Seeing dance on film and seeing dance live are two completely different, albeit strangely complimentary experiences. Whether on site or in seats, as an audience member one has a sense of immediacy knowing that the dancers (no matter how close or far away) are breathing the same air in the same moment as oneself. And in viewing dance live one has more of a say in where to look, although I would also counter that argument by saying that an expert choreographer can grab an audience member and make it close to impossible to look away. Differently, a dance film can allow us to get up “close and personal” to a dancer, with a glimpse into the visceral power of the moment, of the movement, and of the human condition, that live dance simply cannot deliver with the same potency to every seat.

able 1a

Such a film is Able, directed by Los Angeles based choreographer Jacob Jonas. Jonas has made a name for himself and his company—Jacob Jonas The Company—by deftly using the power of social media to amplify his films, photographs, and live work all at once. He has spearheaded striking photos of dancers in space and architecture, shot by numerous photographers of dancers and companies from all over the world under the auspice of his #CamerasandDancers, garnering thousands of Instagram followers in the process. Jonas has been featured in these pages before as a winner of Dare to Dance in Public Film Festival Round One. (Stand by for Round 3 coming soon!)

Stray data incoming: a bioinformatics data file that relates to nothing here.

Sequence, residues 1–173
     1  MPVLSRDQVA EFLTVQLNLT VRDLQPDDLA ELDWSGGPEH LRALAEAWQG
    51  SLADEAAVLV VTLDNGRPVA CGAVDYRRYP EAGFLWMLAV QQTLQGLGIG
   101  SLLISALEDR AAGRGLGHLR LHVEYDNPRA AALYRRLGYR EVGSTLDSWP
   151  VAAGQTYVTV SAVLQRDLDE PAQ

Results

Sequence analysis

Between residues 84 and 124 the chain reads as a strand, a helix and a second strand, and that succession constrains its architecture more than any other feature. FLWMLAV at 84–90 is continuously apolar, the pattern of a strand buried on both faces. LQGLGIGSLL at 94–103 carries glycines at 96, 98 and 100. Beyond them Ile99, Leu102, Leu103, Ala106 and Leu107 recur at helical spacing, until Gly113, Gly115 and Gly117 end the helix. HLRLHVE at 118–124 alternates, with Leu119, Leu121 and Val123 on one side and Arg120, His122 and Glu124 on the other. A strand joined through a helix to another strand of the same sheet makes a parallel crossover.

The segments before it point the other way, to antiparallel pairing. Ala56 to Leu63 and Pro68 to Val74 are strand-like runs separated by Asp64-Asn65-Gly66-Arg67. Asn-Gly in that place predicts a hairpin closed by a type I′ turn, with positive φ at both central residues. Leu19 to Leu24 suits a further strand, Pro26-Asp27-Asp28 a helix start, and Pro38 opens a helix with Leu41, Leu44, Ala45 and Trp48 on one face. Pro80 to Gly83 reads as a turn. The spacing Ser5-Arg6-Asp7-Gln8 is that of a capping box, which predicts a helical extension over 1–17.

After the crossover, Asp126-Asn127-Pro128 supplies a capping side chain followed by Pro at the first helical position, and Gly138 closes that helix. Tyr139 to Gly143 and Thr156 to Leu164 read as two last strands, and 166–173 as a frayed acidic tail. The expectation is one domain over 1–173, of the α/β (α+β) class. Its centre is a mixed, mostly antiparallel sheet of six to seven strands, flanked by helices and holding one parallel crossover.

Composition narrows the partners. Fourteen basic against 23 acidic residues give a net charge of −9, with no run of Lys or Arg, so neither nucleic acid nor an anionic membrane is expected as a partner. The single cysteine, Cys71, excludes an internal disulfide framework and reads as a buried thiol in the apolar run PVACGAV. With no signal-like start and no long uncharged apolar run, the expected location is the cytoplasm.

able 3a

Jonas’ film Able is about a group of differently abled dancers—Ill Abilities, whose mantra “no excuses, no limits” sets the tone for this moving film in which they transcend their physical limitations to deliver extraordinary movement. As a filmmaker, Jonas knows how to get inside of a dance as well as into the humanity of the moment, the movement and the person delivering it. The camera goes from wide shot to detail, racking focus, softening the hard industrial locations with a beautiful palette and lighting, and a feel for great framing. As far as I’m concerned, Jonas’ dance films represent his strongest and most original work.

You can see Able, along with numerous other LA artist led dance films that I had the privilege of curating, at the Music Center’s Grand Park for the upcoming Our LA Voices, April 22-28. For more information about Our LA Voices go to:

Till then, enjoy.

What are you looking for?